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Well, I have a dual link dvi port graphics card, do I have to use both of these dvi ports to hook up the graphics card to a monitor, or can I just use one?

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Note that you need a DVI-I output (i.e. it outputs both digital and analog signals) in order to convert it to VGA -- it won't work if the outputs are DVI-D. – mgorven Apr 28 '12 at 5:27

One DVI port will be sufficient for driving your display.

You have a graphics card with 2 DVI ports - "Dual Link" is a term used for a single port that has twice as many TDMS pins to support higher resolutions.

An interesting read on all things DVI

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Only use one cable for the one monitor, if you use both cables on the same monitor you could have some display issues. Simple Awesome! Enjoy Sir!

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You wouldn't have any issues if you connected the seperate ports to seperate ports on the same monitor, e.g DVI1 - VGA and DVI2 - DVI. you could just cycle through the inputs on the monitor. Absolute waste of a cable mind you – Joe Taylor May 1 '12 at 16:14
i have actually seen instances before where Windows will only diplay partial desktop images with two hook ups. It got so frequent that i had to put a label on all my new monitors stating " Only plug in one cable White Or Blue. People used to call in panic that there machine was not working. – Luke Russell May 1 '12 at 16:32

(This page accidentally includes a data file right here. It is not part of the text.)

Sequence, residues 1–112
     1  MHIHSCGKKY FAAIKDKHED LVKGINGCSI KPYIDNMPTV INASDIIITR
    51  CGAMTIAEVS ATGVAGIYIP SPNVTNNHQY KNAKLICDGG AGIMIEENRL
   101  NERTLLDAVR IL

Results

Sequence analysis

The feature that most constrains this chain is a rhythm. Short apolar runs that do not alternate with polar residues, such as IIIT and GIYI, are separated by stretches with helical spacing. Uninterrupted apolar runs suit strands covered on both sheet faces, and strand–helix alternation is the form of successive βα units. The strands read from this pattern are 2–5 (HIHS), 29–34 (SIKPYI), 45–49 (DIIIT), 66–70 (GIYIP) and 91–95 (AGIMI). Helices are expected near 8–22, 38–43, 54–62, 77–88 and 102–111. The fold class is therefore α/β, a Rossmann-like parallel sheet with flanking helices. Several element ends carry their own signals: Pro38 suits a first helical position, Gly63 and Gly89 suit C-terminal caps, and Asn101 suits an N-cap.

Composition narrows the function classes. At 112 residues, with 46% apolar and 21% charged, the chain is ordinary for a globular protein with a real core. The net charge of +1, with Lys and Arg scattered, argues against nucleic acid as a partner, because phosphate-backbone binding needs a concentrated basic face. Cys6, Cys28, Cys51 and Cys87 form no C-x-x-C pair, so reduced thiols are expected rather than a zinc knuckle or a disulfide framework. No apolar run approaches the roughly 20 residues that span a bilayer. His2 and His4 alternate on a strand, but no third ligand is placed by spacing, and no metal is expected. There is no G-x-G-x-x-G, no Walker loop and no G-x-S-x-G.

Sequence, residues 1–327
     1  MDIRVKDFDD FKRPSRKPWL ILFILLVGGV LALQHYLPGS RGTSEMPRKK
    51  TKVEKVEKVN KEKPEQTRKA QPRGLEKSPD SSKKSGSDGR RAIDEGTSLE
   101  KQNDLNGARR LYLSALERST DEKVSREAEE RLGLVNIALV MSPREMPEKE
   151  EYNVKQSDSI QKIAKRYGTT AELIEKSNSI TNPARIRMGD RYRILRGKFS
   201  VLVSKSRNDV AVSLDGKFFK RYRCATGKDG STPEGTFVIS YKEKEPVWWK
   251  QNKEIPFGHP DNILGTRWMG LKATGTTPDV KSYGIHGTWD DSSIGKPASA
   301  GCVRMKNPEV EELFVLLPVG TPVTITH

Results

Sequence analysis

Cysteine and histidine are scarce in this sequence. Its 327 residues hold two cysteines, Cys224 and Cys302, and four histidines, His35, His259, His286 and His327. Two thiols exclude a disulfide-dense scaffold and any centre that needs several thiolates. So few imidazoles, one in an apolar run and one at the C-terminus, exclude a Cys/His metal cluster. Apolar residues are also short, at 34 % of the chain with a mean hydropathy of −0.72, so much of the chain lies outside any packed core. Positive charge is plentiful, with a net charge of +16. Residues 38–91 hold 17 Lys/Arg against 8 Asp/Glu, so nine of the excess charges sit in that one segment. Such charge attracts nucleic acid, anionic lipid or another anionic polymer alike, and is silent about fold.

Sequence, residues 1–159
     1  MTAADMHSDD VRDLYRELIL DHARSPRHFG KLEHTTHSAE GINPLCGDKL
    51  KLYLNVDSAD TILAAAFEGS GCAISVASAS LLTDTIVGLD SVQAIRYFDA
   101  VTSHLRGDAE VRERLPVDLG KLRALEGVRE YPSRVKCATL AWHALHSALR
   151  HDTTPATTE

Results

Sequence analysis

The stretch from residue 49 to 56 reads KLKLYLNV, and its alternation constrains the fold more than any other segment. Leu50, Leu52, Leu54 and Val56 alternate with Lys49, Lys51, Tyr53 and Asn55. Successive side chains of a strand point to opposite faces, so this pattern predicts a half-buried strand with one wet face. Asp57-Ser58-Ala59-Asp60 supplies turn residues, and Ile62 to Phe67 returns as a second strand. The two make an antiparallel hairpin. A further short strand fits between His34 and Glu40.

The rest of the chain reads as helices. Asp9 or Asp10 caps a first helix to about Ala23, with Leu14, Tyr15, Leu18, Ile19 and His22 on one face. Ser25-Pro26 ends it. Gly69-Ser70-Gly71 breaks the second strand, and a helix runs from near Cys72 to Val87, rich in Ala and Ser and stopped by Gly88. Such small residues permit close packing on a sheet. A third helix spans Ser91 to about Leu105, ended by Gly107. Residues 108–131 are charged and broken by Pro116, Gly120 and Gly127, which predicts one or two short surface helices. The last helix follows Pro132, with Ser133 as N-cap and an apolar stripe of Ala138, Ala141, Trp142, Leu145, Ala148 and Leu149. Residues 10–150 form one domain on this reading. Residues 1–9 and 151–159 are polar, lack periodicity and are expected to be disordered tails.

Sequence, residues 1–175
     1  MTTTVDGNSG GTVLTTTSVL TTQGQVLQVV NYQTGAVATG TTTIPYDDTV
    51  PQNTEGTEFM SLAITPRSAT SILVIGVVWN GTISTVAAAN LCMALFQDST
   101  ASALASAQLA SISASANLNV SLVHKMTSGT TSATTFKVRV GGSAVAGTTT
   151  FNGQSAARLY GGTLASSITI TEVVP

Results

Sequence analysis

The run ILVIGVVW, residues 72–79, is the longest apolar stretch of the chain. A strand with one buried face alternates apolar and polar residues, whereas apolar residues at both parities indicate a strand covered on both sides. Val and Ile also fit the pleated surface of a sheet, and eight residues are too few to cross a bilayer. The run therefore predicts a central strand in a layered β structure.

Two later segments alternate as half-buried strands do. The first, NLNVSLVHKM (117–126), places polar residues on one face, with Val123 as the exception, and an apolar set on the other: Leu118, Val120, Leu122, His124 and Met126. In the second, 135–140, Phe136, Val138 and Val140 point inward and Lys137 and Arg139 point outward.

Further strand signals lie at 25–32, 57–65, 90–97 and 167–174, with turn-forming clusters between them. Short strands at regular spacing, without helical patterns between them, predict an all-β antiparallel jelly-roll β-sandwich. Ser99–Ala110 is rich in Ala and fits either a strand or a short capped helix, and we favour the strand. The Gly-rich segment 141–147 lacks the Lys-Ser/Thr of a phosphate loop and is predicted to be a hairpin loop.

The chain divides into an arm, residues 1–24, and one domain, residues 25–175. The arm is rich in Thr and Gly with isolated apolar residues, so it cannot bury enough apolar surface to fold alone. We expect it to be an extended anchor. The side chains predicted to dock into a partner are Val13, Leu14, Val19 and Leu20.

Dual Link DVI means that the port supports a higher bandwidth than a single link DVI

If you are connecting via VGA, Dual link or single link is irrelevant for you

You need to check if the GPU supports DVI-A or DVI-I (post your GPU model if you cannot find that info)

If you are connecting via DVI itself, use the type of cable matching your monitor (if it has a single link DVI, use a single link cable. Else use a dual link cable)

Remember, single and dual link describe the specific port. You do not need to use multiple ports to connect to the monitor

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Dual link doesn't matter, what matters is if the DVI port is Digital or Analogue. While that may sound backwards, as DVI stands for Digital Video Interface, it is actually important.

I direct you to this diagram:

The important part is on the right side of this. You'll note there are 4 pins beside the flat connector. These 4 pins are important to you. If these 4 pins are not present on the female port on your graphics card, it is digital. If the 4 pins ARE present, then it is analogue capable. This is important because if the pins aren't there you will never be able to adapt that port to VGA. If the pins are there, you're in luck! Not only is the adaptor plentiful, but it's also cheap as a result too. Most graphics cards come with them, but if you don't have one, they can be easily bought, example:

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